Parshas Naso #1
A Gift to the Giver
“Each man’s sanctified gifts shall be his; what a man gives to the Kohen shall be his” (Bamidbar 5:10).
In Parshas Naso, the Torah mentions two of the Matnos Kehunah (Priestly Gifts) allocated to the Kohanim. The Torah’s instructions conclude, “What a man gives to the Kohen shall be his.”Understood simply, this means that whatever is given to the Kohen now belongs to him – it is his. The passuk can also be explained differently: the pronoun “his” can refer to the giver. Whatever he gives for sacred purposes – “to the Kohen” – remains his own. This double meaning provides a new perspective on money and charity.
Rav Azarayah Peugot (1579-1647), an early Italian Achron, elaborates. He writes that it is foolish to believe that the money we have stashed in our homes or vaults is really our own, while money given to charity is a total loss. The opposite is actually true – the money in the cashbox is not really ours. All we really own is the money we give for charity and sacred purposes (Binah L’Ittim, 41).
A story which took place less than a century ago highlights the truth of this principle.
Rav Moshe Mordechai Epstein, rosh yeshivah of the famed Slabodka Yeshivah in Europe, visited the United States in 1924 on a fund-raising trip for the financially strapped yeshivah. He was still in New York when he received catastrophic news: the yeshivah’s students faced imminent draft into the Lithuanian army, a disaster on every possible level. The only solution was to get the students out of Lithuania, far from the reach of the government. The yeshivah would be relocating one hundred fifty students to Eretz Yisrael, but the cost of this rescue mission was enormous: $25,000 in 1924 currency, equal to approximately $350,000 in 2016 dollars. Perhaps miraculously, a wealthy New York Jew named Mr. Schiff donated the entire sum. The students left Lithuania and established a branch of the yeshivah in the historic city of Chevron.
Just a few years later, Mr. Schiff lost his fortune in the Depression, and was reduced to living in the basement of a building he had formerly owned. Rav Moshe Mordechai’s son-in-law, Rav Yechezkel Sarna, came to the United States in the 1930’s to raise money for the yeshivah, and Mr. Schiff, now penniless, spoke at a parlor meeting. He told the group at the meeting that everything he had ever owned was gone; there was nothing left of his vast investment empire, except for the $25,000 he had given to establish the Chevron Yeshivah. That belonged to him and his family forever, and could never be lost.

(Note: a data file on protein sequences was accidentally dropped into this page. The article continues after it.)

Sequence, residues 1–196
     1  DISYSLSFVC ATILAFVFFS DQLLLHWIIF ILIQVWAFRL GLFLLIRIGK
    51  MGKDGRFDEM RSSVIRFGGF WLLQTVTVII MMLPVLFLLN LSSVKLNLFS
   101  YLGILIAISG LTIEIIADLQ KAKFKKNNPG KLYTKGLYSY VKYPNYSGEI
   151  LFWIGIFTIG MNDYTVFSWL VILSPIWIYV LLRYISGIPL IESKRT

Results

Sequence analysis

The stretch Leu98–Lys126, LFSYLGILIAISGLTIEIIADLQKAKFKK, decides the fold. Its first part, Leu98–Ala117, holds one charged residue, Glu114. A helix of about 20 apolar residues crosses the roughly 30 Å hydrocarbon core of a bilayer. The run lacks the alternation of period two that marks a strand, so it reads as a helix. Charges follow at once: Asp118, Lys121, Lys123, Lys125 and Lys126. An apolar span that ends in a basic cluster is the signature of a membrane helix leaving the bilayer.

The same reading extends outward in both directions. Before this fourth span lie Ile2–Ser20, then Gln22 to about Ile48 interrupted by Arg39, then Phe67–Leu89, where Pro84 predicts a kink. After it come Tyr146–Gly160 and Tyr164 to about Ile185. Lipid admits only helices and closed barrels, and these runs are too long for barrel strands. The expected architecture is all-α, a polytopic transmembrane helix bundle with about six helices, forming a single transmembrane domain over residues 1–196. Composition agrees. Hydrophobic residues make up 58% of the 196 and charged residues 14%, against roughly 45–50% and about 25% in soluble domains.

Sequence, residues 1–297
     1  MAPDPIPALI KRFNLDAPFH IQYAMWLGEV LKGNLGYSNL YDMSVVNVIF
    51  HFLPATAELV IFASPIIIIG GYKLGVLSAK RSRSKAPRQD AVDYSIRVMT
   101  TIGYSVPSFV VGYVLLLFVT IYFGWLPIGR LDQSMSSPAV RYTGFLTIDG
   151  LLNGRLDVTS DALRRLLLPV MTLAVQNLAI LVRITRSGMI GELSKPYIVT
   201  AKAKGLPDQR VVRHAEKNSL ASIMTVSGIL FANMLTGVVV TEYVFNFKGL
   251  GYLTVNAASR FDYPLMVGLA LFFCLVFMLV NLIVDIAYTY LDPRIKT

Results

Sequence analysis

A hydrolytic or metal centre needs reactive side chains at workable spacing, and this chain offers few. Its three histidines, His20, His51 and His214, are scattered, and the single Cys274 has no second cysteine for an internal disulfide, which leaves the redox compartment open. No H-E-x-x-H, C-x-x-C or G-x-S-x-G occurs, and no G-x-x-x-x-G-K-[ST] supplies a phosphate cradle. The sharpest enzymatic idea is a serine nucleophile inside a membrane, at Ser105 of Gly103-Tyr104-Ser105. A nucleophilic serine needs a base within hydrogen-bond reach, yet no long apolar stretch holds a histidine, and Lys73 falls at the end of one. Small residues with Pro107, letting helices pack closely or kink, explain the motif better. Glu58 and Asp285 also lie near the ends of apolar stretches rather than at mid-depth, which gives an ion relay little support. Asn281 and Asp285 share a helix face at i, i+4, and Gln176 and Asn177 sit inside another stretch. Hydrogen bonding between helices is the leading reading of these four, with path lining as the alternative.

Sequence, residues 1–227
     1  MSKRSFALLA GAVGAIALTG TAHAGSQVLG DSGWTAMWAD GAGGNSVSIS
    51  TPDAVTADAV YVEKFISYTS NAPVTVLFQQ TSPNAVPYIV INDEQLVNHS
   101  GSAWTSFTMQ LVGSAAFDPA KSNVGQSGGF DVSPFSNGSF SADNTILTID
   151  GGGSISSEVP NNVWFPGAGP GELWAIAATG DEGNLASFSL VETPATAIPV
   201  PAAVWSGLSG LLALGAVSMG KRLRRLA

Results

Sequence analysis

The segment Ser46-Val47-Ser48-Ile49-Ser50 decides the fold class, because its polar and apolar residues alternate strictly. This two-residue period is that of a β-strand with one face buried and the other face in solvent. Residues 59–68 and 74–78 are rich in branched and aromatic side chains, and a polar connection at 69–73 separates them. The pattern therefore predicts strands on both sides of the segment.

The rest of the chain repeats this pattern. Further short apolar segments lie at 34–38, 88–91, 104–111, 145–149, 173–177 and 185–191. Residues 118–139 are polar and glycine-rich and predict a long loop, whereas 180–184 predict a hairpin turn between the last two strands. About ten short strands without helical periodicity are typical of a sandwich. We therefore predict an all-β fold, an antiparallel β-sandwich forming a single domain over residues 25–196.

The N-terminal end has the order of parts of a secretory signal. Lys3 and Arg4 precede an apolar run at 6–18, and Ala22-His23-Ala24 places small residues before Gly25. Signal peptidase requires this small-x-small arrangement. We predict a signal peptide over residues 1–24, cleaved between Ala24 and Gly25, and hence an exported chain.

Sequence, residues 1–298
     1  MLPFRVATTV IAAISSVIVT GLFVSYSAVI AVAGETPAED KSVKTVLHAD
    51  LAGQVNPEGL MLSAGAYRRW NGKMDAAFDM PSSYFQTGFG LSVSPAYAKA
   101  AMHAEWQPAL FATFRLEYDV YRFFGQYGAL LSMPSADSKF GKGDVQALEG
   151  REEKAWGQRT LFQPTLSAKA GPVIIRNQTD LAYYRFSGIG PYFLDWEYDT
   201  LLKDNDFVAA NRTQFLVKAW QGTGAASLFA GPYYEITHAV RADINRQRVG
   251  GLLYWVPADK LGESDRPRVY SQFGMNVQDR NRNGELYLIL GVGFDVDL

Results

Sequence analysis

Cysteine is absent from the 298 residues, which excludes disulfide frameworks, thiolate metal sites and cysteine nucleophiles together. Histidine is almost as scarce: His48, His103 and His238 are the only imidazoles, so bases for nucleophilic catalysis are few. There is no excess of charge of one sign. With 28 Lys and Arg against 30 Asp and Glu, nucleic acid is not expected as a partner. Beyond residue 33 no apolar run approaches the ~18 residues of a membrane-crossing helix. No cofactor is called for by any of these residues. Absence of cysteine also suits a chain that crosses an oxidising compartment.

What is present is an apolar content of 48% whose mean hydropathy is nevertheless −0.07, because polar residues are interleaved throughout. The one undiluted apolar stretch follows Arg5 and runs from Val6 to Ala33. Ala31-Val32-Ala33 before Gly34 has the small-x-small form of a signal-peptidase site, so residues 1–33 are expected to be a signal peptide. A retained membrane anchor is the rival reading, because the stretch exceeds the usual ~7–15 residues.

Unknown to the listeners, there was even more to the story. When Rav Sarna heard that Mr. Schiff was now bankrupt, he sent a telegram to his father-in-law, telling him what had happened to the yeshivah’s generous friend. Rav Epstein cabled back instructions to Rav Sarna to arrange a loan of $5,000 for Mr. Schiff. This was a very sizable sum in those days, enough to help Mr. Schiff reestablish himself in business. Rav Sarna was able to raise the money, and he went to Mr. Schiff’s basement home to deliver it in person.
When he heard that the roshei yeshivah had obtained a loan for him, he was horrified. “What are you doing to me?” he said. “All I have left is the $25,000 I gave to the yeshivah. Do you want to deprive me even of that?”
Mr. Schiff’s money still continues to bear fruit. Relocated to Jerusalem after the 1929 Chevron Massacre, “Chevron” is today one of the major Torah centers in Eretz Yisrael.
Question for Discussion:
It is not easy to give money away to charity, but ultimately, we are the ones who benefit when we give. What is something you do because you know it is right, despite the difficulty?Click Here To Respond
Dahlia, newly observant, spoke about a difficult challenge she deals with daily: “I grew up non-observant, but have been keeping Torah and mitzvos for four years, including the laws of tznius (modest dress). The idea of a married woman covering her hair was entirely foreign to me – no one I grew up with did this. Even now, I have a very hard time covering my hair when I go out to work every day. I do it because I know it is right, but I am so torn… At least twice a month, I dream about going out with my hair flowing freely. Maybe if I learned more about the mitzvah and the reasons behind it, it would be easier.”
As a parting gift, we gave Dahlia a book about the halachos of hair covering for a married woman, including sources and an explanation of the reasons for the mitzvah. We hope that by the next time we see Dahlia, this important mitzvah will no longer be such a struggle for her.